Severance is a British horror film with a comic edge about a group of workers from an arms company sent on a team-bonding exercise in some remote Hungarian woods who find themselves being terrorised and then picked-off by a band of local soldiers. The film is a second horror offering from its director Christopher Smith, whose first film, Creep, had been classified 18 in 2004.

Severance was submitted for classification in 2006 having previously been the subject of an advice viewing by the BBFC. Advice viewings are a service available to distribution companies who require an indication of what category a film is likely to achieve based on a version that might well be incomplete (with missing scenes or with special effects to be added). The advice given is informal and the BBFC reserves the right to classify a work at a different category to the one advised when it is formally submitted in the completed version intended for release.

The formal submission of Severance was accompanied by the distributor’s request for a 15 certificate and the examiners assigned to view the film noted that the main classification issues were frequent use of strong language and strong violence with accompanying bloody detail and gore quite typical of the horror genre represented by the work. The film also features sex and drug references, as well as sight of soft drug use. The examiners agreed that the issues were contained at the upper end of the 15 category but echoed the view expressed at the advice stage that the strength and detail of the horror violence placed the work on the 15/18 borderline. In such cases the BBFC canvasses wider internal opinion and so a second examining team viewed the work, eventually concurring with the first team on the 15 category.

The quantity of strong language in the film (numerous uses of ‘f**k’ and one of ‘motherf****r’) established 15 as the minimum category which was also able to accommodate the relatively moderate nature of the sex references. The Guidelines at 15 state that ‘drug taking may be shown but the film as a whole must not promote or encourage drug misuse’ and it was felt that the slacker Steve’s use of marijuana, magic mushrooms and ecstasy did not, in the context of his character, glamorise the activity.

The combination of threat and violence in the form of various bloody stabbings, shootings, beatings, beheadings, characters being set aflame or falling victim to torture and gruesome injury (the severing of Gordon’s leg in the bear trap, for example) carried a strength and intensity that tested the Guidelines at 15 which state that ‘Violence may be strong but may not dwell on the infliction of pain and injury. Scenes of sexual violence must be discreet and brief’. And in terms of horror, the Guidelines at 15 allow for ‘Strong threat and menace…[but] The strongest gory images are unlikely to be acceptable’.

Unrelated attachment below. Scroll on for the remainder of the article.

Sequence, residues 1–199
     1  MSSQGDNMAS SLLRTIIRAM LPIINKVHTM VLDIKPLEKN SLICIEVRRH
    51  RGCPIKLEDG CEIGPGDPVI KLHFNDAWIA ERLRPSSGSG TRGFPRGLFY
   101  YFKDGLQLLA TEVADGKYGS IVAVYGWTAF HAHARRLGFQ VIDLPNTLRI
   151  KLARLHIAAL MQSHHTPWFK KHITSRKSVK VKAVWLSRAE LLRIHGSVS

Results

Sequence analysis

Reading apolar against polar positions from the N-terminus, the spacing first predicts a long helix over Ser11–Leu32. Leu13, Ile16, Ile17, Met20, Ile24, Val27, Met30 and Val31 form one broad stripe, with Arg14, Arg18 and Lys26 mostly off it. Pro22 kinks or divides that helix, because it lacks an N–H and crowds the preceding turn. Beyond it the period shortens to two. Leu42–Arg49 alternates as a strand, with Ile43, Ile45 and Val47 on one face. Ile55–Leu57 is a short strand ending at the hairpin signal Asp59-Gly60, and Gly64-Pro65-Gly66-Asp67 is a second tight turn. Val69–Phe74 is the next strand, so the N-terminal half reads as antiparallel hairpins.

The vast majority of violence in Severance is handled in such a way that sees it occurring either off screen or lacking detail in the way it is carried out (by the key moments of action being masked or an impression only given of what is happening) and no individual incident is unduly drawn out. Consequently, it was felt that there was no dwelling ‘on the infliction of pain and injury’ or a focus on sadism that might have presented a telling challenge to the Guidelines at 15.

Similarly, the bloody injury detail is well-precedented at 15 with even the more gruesome moments (Gordon’s ordeal in the bear trap and the carving of the company logo into his stomach with chunks of his flesh being thrown onto a table) not rising to the level of the ‘strongest gory images’ that might have required an 18 category. Importantly too, the sexual threat implied in the soldier’s attack on Maggie towards the end of the film is ‘discreet and brief’ as it is not played out and lacks any eroticising detail, with the intended victim fighting back immediately and thwarting him.

The accumulation of these issues did, however, take the film to the higher levels of the 15 category and raise the question of whether it was more suitable at the adult 18 category - which is where the very evident comic elements in the work entered the argument as something that balanced the impact of the horror and violence.

Severance is a very self-aware film that, whilst providing the strong scares and thrills expected of horror works, also parodies the genre. It spoofs the typical set-up of an isolated group finding themselves under threat from malevolent forces that features in films such as Cabin Fever, House of Wax and Final Destination which are familiar to teenage audiences; it pays comic homage to the influential silent horror films of the 1920s; its characters are hopelessly incompetent and quite clueless about how to handle their predicament; the stronger horror moments are punctured by absurd sequences in which, for example, Steve attempts to cram Gordon’s disembodied leg into a too-small fridge and the arrogant Harris’s severed head is seen giving a self-satisfied smile and wink having proved that he was right in an earlier argument about the brain continuing to function after decapitation.

Such comedy was felt to have a balancing effect and to lighten the tone of the bloody horror violence in a way that recalled two other recent British horror films, Shaun of the Dead and Dog Soldiers, both of which received a 15 certificate. The comedy in Severance distinguishes it from strong horror works such as Saw, Hostel and Wolf Creek –and indeed its director’s first film, Creep - that play the violence and threat ‘straight’, and which were all classified at 18.

The BBFCinsight for Severance reads 'Contains strong bloody horror and violence'.

The film was also passed 15 on video and it was selected for screening at National Schools Film Week in 2007.